My father was large in spirit and kindly, like the elms. He lived by the words, “The customer is always right,” and people smiled like they really meant it when they were in his store.
He was passionate about fabric. He sold patterns and thread along with zippers and buttons, although he never showed much interest in sewing. And he was never interested in fashion, not even in the little ways it trickled down to a small Kansas town. He named his store The Fabric Center and he filled it with bolt after bolt of cloth held upright in stands, the ends of the bolts draping over themselves like a hundred Madonnas. The effect of all of them together must have been powerful on him: yards of velvet, linen, polished cotton, and his favorite, gabardine, falling in perfect folds barely touching each other.
In my mind's eye I can still see my father measuring fabric. With a flick of his wrist he'd flip a bolt and count the thuds on the table, slow when they were new and heavy, faster as they got lighter. When they were nearly empty he could spin them like tops.
Then the elms died. Almost overnight, it seemed, they were gone, sawed down to stumps, hacked into pieces and thrown into panel trucks. The branches swished against each other and sounded like fast breathing as the trucks carted them off to the dump to be burned.
With no elms to break it, the wind blew harder around town. Litter collected in the gutters, lawns turned brown, stores closed, the shabbiness showed through. People moved away or shopped in cities on weekends where they bought ready-to-wear clothing cheaper than they could make it.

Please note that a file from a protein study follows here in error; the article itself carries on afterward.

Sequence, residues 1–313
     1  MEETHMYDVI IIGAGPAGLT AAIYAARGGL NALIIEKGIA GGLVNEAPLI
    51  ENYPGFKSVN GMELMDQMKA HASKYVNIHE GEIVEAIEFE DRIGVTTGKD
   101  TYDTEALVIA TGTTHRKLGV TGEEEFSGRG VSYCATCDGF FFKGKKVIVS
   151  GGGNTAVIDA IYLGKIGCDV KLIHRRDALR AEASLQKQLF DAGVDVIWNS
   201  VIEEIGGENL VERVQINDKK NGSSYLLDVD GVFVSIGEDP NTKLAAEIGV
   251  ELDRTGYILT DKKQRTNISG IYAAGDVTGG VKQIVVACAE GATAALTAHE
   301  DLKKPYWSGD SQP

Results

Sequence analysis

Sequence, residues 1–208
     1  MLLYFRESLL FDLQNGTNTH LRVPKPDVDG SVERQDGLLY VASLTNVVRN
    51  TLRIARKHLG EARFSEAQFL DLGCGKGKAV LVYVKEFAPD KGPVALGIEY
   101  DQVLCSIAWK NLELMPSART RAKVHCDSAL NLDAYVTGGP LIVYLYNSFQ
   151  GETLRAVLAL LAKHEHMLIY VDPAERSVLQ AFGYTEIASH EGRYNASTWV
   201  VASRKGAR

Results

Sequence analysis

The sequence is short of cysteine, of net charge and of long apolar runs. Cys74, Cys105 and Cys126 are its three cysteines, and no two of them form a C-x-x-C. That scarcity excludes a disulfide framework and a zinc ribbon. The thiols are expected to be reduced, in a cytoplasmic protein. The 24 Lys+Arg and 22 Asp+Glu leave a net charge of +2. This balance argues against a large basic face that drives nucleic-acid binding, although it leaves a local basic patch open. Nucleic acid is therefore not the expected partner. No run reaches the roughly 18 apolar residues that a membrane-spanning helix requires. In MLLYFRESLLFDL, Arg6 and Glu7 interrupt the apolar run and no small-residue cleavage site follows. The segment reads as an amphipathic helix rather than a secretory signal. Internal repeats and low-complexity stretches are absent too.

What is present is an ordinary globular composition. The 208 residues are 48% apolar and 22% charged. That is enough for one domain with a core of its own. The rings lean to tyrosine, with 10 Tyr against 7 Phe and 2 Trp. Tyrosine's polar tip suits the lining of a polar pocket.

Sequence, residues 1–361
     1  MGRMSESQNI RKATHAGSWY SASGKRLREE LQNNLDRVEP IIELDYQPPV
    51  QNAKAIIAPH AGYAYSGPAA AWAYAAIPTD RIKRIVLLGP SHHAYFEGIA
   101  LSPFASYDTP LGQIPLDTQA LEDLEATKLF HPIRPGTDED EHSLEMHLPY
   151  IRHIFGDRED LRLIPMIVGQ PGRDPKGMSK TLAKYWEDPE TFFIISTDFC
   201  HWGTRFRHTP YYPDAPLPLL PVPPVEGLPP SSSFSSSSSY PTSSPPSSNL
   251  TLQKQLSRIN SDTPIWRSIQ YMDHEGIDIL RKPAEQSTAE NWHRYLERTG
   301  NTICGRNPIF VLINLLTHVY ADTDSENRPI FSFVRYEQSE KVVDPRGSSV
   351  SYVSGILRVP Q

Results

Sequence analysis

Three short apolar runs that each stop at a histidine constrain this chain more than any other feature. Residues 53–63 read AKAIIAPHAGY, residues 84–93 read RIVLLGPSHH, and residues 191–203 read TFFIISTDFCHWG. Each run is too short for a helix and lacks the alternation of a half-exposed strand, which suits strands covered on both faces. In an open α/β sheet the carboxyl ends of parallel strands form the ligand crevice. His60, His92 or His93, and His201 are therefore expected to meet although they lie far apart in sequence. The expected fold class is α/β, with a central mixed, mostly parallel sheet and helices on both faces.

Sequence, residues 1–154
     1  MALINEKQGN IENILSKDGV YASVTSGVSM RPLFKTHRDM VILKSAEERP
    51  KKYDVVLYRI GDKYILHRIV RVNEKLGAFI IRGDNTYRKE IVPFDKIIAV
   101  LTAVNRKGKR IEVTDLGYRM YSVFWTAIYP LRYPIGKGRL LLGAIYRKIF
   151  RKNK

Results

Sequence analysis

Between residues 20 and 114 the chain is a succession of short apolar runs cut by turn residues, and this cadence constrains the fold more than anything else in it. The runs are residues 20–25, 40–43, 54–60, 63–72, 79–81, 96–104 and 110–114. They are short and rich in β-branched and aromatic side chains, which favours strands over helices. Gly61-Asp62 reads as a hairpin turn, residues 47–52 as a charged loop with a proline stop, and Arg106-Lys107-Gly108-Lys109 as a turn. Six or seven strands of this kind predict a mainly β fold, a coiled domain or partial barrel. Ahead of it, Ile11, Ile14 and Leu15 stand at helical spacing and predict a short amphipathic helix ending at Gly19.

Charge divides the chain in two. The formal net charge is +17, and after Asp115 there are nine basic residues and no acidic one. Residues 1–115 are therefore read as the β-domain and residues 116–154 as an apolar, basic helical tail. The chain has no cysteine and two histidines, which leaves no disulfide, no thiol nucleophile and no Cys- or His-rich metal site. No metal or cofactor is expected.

My father stayed on at his store until it was almost empty and dark. He sold the last of his goods to a man who would sell them at auction, and my father got a job thirty miles away in the warehouse of a furniture store where, at fifty, he moved furniture all day. Then he had a job at a fiberglass factory where he hurt his eyes so badly he was hospitalized for days. And ten other jobs like them until finally at 62 he retired and opened a store again.
By now he was in the east, in a city, and he found a place to rent on a noisy street in a bad part of town. The building's floor sagged in the center like bones were broken there, and it had plate glass windows my father had to board up because people through rocks through them repeatedly.
He built tables out of two-by-fours and plywood for the canned goods and cigarettes and carpet remnants he bought at salvage auctions. He bought fabric at the auctions too, huge bolts with soiled edges, for a few dollars. At his store he sold everything cheap, the fabric for a few cents a yard. Or he traded with customers who brought in old furniture and lamps, books, doilies anything they wanted to get rid of that someone else would buy. He took the boards off the windows and the plate glass was never broken again.
Regulars came in often: women tickled to get such good deals on fabric, others who traded for food or cigarettes or brought their kids in for candy, people looking for vintage treasures. Older men hung out just to talk. They'd leave politely when I came by which wasn't often because I lived a hundred miles away. They called my father Mac, or Mr. Mac, and they talked to him like they'd known him all their lives.
He made enough money to go home to Kansas when he was old and when he died he was buried in the cemetery on the outskirts of town next to the grain elevator. It's a peaceful place now because of the elm trees the town planted there. A different kind of elm, a different shape, and young by tree standards, but already they help to shade the graves. And the new trees are disease resistant, bred to withstand everything, even the tiny beetle that spread the fungus that brought the giants down.
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I wrote this story to honor my father. It was published around ten years ago in the now-defunct online literary magazine Flashquake.